Week's balance: Economy accelerating, government lowering electric tariffs for industrial consumers, while non-residents putting bond purchases on pause
The State Statistics Service reported on a faster growth of the Ukrainian economy in 1H 2019, the Cabinet allowed reducing electricity tariffs for industrial enterprises, and non-residents suspended the purchase of Ukrainian government loan bonds – these are the main economic developments of the outgoing week.
The third week of August turned out to be rather calm, and, while some Ukrainians are relaxing on the faraway beaches and some swear at a wave of cold and rain over a significant part of Ukraine, Prime Minister Volodymyr Groysman came back in office from vacation. The head of government, who is set to resign in late August due to the election of a new parliament, held a Cabinet meeting after a two-week break.
The prime minister demanded that the Ministry of Energy and the energy regulator take measures to reduce electricity tariffs for large industrial consumers who previously complained about a 20% rise in price of electricity prices after the launch of a new electricity market on July 1.
Groysman noted that President Volodymyr Zelensky also demanded an easing. As a result, the Cabinet of Ministers amended the resolution on special obligations in the electricity market, which allows reducing tariffs for large industrial consumers, and the regulator approved the reduction of electricity transmission tariffs for Ukrenergo, the operator of Ukrainian power grids.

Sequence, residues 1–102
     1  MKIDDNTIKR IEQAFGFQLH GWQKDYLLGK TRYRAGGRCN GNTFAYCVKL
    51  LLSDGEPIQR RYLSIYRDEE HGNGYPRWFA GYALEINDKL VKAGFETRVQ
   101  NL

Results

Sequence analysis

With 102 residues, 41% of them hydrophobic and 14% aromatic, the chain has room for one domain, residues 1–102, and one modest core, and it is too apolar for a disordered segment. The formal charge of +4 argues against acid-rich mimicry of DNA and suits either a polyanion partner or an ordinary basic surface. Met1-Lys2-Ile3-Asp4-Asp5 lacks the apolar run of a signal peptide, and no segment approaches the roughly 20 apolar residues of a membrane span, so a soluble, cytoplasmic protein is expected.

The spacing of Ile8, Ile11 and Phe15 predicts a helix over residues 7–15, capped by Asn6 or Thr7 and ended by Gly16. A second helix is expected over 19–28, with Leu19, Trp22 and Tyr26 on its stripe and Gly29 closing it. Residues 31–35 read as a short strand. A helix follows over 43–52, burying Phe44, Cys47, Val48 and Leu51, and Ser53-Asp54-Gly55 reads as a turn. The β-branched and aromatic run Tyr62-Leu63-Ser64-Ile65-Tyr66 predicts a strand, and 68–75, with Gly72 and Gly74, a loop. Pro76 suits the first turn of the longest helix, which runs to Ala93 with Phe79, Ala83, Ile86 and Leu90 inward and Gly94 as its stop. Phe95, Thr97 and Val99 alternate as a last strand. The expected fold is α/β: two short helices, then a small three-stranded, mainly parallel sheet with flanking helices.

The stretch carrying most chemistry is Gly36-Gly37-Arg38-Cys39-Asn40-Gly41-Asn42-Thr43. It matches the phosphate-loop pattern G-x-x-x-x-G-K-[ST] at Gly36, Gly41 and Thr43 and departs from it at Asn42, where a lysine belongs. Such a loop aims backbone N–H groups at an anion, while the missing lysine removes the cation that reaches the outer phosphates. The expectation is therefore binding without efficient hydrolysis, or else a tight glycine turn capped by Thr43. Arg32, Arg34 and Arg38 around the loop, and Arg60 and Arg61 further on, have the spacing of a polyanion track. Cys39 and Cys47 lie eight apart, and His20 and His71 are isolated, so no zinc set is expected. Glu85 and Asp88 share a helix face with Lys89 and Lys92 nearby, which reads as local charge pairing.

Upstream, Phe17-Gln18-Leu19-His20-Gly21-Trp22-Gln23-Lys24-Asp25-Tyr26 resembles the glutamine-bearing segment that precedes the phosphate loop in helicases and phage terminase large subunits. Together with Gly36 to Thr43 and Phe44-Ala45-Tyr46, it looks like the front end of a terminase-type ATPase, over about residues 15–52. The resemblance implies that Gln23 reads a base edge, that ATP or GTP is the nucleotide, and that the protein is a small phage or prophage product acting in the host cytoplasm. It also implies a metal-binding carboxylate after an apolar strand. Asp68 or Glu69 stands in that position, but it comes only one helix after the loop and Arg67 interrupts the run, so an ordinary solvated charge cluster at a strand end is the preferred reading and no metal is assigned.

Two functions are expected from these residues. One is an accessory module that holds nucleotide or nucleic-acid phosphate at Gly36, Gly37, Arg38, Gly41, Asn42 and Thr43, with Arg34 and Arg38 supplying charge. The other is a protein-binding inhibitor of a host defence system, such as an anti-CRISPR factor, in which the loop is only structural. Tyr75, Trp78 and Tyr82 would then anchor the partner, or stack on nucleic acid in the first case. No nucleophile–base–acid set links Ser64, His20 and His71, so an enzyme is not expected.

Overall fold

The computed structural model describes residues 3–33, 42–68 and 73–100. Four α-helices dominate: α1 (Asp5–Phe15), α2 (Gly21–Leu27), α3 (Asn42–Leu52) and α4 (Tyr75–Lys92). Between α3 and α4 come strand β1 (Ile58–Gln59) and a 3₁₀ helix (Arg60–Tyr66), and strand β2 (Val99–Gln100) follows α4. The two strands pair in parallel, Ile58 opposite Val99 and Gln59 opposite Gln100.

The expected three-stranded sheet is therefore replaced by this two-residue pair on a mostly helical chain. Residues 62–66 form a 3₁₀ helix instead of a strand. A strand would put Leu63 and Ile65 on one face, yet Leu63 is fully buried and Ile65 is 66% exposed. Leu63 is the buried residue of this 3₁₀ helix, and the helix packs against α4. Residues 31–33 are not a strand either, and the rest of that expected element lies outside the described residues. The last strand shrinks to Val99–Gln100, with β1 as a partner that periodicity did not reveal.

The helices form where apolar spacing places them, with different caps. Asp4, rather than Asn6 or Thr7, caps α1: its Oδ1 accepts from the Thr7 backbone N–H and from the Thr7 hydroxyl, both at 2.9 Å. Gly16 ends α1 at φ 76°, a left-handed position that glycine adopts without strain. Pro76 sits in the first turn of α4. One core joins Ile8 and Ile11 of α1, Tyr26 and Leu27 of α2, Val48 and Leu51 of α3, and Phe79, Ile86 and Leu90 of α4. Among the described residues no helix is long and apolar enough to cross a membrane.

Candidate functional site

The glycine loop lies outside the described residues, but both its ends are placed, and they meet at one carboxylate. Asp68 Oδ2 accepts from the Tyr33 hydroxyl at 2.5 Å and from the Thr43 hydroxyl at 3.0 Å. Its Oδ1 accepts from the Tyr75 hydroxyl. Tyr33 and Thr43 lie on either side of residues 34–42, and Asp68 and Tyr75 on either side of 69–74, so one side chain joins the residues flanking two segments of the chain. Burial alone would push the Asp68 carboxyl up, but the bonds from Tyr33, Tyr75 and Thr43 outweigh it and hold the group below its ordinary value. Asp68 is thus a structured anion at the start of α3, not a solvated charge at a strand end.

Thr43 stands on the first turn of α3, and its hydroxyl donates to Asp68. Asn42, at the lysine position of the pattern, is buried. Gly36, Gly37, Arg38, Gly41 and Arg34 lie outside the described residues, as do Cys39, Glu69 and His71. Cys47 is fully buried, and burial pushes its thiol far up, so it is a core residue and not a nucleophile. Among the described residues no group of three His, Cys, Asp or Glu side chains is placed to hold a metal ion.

Another decision of the government caused a stir: obligations were imposed on Naftogaz to sell gas to a Luhansk TPP, owned by oligarch Rinat Akhmetov's DTEK, at a special price, 40% lower than the one set for the households.
It is worth noting that the Luhansk Thermal Power Plant, which is the only producer of electricity for the northern part of the Luhansk Region, was left without coal, its main fuel, over ceased supplies from Russia after the Kremlin introduced corresponding restrictions. Five years ago, Putin's Russia occupied the eastern part of the Ukrainian Donbas, seizing dozens of enterprises, including coal mines. As a result, Luhansk station was forced to switch to gas, which is a more expensive reserve fuel.
Ukrainian experts, Naftogaz, and the President’s representative in the Cabinet of Ministers, Andriy Gerus, criticized the move. Gerus emphasized that other utility companies periodically experience problems with energy supplies, however, it's only DTEK energy holding company which received the right to a reduced price.
At the same time, according to Naftogaz, the decision o would lead to budget losses worth UAH 300 million per month.